Updates to our Terms of Use

We are updating our Terms of Use. Please carefully review the updated Terms before proceeding to our website.

Thursday, June 13, 2024 | Back issues
Courthouse News Service Courthouse News Service

Children Detained at Border Must Have Food, Beds, Soap and Toothpaste, Ninth Circuit Rules

Following a legal argument that went viral this summer, a Ninth Circuit panel dismissed an appeal by the Trump administration Thursday challenging how undocumented immigrant children in U.S. detention facilities should be treated.

(CN) – Following a legal argument that went viral this summer, a Ninth Circuit panel ruled Thursday that, contrary to the Trump administration's argument, "edible food, clean water, soap and toothpaste are without a doubt essential to the children's safety" at U.S. immigration detention facilities.

The three-judge panel dismissed for lack of jurisdiction the government’s appeal of U.S. District Judge Dolly Gee’s appointment of an independent monitor to ensure government compliance with the terms of the landmark 1997 settlement in Flores v. Meese, which dictates how unaccompanied minors fleeing torture and abuse in Central America are treated while in U.S. custody.

Flores requires detainees to be given bond hearings and be kept in “safe and sanitary” facilities. But at oral arguments in June, the Justice Department’s Sarah Fabian told the Ninth Circuit panel that children’s ability to sleep is not a question of safe and sanitary conditions, which left the panel dumbfounded.

“You’re really going to stand up and tell us that being able to sleep isn’t a question of safe and sanitary conditions?'” U.S. Circuit Judge Marsha Berzon, a Bill Clinton appointee, said during oral argument.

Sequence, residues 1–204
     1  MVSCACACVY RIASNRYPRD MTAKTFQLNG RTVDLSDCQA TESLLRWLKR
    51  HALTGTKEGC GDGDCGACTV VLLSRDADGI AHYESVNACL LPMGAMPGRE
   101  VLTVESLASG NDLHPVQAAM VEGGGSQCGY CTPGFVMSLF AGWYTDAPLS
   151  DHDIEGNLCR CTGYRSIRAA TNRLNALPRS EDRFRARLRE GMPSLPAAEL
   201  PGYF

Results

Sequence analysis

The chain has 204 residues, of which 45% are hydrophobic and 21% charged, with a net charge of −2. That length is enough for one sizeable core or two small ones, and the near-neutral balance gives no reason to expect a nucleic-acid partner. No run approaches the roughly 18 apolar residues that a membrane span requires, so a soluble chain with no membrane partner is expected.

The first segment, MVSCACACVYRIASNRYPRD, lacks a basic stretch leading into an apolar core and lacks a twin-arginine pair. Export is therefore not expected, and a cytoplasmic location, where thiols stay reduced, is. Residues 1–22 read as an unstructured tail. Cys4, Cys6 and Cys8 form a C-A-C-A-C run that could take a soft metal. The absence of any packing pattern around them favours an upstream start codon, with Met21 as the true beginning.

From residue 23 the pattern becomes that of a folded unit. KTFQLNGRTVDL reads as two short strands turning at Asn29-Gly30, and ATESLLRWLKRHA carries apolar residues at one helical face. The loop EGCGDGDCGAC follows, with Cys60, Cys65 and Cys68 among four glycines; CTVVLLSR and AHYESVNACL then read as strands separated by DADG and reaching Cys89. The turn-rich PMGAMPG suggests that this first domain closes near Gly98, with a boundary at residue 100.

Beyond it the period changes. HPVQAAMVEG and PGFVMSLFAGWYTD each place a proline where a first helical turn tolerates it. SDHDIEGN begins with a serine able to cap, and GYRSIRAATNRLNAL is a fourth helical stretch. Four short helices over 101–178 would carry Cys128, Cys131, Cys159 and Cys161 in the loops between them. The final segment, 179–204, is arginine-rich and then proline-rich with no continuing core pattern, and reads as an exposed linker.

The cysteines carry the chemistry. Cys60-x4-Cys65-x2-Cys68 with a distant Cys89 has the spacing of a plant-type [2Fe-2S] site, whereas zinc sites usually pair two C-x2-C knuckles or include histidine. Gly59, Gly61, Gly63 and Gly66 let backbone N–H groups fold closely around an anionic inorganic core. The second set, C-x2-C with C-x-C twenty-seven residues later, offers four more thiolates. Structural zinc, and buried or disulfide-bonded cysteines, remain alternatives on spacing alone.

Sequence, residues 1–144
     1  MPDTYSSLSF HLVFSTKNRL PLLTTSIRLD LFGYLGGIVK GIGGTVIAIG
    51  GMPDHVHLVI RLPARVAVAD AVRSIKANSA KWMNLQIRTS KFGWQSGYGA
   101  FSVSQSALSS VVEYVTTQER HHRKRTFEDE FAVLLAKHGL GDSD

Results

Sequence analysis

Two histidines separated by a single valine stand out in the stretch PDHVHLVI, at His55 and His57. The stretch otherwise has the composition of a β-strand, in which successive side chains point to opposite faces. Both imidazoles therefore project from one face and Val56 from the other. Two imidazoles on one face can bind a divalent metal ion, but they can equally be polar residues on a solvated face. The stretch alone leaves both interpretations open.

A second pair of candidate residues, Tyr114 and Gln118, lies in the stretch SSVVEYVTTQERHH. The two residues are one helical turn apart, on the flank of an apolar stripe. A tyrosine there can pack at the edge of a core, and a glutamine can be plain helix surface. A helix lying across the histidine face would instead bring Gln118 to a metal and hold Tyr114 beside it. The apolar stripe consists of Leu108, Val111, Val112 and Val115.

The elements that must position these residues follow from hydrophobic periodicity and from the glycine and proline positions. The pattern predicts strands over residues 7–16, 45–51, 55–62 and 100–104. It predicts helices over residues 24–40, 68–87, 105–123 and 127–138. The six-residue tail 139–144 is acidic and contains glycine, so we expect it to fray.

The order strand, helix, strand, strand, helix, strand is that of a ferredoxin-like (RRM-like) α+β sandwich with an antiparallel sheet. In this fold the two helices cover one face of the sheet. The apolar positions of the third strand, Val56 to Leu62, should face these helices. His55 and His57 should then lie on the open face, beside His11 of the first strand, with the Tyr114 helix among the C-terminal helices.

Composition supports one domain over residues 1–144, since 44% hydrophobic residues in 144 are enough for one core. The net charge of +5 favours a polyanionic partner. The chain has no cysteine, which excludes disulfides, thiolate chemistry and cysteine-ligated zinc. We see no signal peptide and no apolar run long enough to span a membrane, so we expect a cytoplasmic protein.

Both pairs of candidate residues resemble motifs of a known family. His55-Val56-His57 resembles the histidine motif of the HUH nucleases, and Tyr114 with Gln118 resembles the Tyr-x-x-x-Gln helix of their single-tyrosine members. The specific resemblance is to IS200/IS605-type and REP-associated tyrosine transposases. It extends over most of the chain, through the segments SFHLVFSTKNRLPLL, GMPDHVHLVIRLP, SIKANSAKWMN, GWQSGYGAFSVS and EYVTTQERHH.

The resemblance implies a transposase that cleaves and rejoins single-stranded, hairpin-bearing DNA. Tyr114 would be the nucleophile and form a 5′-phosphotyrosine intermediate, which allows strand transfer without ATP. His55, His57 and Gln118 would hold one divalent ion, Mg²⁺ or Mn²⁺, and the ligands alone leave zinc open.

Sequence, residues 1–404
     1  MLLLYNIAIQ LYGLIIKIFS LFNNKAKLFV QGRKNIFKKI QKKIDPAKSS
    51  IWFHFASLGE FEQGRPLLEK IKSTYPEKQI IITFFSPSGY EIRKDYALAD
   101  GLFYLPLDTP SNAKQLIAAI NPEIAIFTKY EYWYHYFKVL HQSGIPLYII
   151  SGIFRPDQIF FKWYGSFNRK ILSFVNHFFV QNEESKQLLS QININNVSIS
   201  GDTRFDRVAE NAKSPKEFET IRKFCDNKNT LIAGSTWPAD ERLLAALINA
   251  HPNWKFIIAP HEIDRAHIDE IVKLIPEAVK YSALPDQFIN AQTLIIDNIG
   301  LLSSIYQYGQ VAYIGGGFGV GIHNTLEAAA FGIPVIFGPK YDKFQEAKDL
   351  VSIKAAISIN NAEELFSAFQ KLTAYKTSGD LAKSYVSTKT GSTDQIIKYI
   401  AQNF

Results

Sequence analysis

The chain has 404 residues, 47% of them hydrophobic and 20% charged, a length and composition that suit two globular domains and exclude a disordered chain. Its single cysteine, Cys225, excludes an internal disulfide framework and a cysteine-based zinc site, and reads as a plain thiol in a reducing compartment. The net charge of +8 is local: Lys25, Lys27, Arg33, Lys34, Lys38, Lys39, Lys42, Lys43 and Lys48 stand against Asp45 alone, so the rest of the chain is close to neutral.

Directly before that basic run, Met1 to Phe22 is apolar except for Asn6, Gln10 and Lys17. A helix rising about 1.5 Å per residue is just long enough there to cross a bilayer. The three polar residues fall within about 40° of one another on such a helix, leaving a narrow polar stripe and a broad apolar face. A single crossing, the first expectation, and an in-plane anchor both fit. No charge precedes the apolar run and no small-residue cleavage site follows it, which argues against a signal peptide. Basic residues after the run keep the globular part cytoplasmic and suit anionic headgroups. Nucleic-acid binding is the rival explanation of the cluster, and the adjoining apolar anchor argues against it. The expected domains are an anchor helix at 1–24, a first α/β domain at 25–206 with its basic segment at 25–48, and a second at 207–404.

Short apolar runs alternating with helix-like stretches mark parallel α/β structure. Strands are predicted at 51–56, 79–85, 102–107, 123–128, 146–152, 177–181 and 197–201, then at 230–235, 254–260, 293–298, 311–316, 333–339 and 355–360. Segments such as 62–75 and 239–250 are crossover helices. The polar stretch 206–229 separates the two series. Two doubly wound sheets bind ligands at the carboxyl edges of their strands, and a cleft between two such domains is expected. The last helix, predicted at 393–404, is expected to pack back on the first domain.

The court monitor also found the children were not receiving hot, edible food given during the day and did not have access to clean drinking water. Additionally, the monitor found the holding cells and bathrooms were unsanitary and the children did not have access to clean bedding and hygiene products.

Fabien argued the phrase “safe and sanitary” is vague and either cannot be enforced or leaves “specifics of compliance up to the government.”

Writing for the panel Thursday, Berzon said, “Not so.”

Gee’s determinations “reflect a commonsense understanding of what the quoted language requires,” Berzon wrote. “Assuring that children eat enough edible food, drink clean water, are housed in hygienic facilities with sanitary bathrooms, have soap and toothpaste, and are not sleep deprived are without doubt essential to the children’s safety. The district court properly construed the agreement as requiring such conditions rather than allowing the government to decide whether to provide them.”

The panel also rejected the government’s claims that Gee had incorporated standards that went beyond the scope of the Flores settlement.

“We doubt that the requirements – that minors ‘be offered a snack upon arrival and a meal at least every six hours thereafter,’ have food that is ‘in edible condition (not frozen, expired, or spoiled),’ and ‘have regular access to snacks, milk, and juice,’ – extend beyond what paragraph 12A requires,” Berzon wrote for the panel, referring to a specific section of the Flores agreement.

As a result, the panel found it lacks jurisdiction since Gee’s orders did not modify the settlement in any way.

U.S. Circuit Judges A. Wallace Tashima and William Fletcher, also Clinton appointees, joined Berzon’s opinion.

Categories / Appeals, Government

Subscribe to Closing Arguments

Sign up for new weekly newsletter Closing Arguments to get the latest about ongoing trials, major litigation and hot cases and rulings in courthouses around the U.S. and the world.